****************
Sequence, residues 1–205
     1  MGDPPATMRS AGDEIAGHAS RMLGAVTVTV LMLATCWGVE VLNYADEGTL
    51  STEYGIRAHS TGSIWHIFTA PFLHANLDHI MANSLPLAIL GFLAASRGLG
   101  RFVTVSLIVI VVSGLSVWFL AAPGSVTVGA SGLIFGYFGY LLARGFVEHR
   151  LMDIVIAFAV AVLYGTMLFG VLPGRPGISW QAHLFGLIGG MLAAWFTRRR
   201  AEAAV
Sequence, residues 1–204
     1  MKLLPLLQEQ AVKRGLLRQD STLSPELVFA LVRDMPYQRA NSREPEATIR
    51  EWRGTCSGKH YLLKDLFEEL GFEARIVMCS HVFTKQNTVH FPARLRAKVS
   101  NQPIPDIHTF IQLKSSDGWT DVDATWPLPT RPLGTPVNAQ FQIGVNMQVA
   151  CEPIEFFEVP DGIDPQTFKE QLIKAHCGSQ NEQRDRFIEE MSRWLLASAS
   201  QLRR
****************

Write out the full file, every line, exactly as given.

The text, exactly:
Sequence, residues 1–205
     1  MGDPPATMRS AGDEIAGHAS RMLGAVTVTV LMLATCWGVE VLNYADEGTL
    51  STEYGIRAHS TGSIWHIFTA PFLHANLDHI MANSLPLAIL GFLAASRGLG
   101  RFVTVSLIVI VVSGLSVWFL AAPGSVTVGA SGLIFGYFGY LLARGFVEHR
   151  LMDIVIAFAV AVLYGTMLFG VLPGRPGISW QAHLFGLIGG MLAAWFTRRR
   201  AEAAV
Sequence, residues 1–204
     1  MKLLPLLQEQ AVKRGLLRQD STLSPELVFA LVRDMPYQRA NSREPEATIR
    51  EWRGTCSGKH YLLKDLFEEL GFEARIVMCS HVFTKQNTVH FPARLRAKVS
   101  NQPIPDIHTF IQLKSSDGWT DVDATWPLPT RPLGTPVNAQ FQIGVNMQVA
   151  CEPIEFFEVP DGIDPQTFKE QLIKAHCGSQ NEQRDRFIEE MSRWLLASAS
   201  QLRR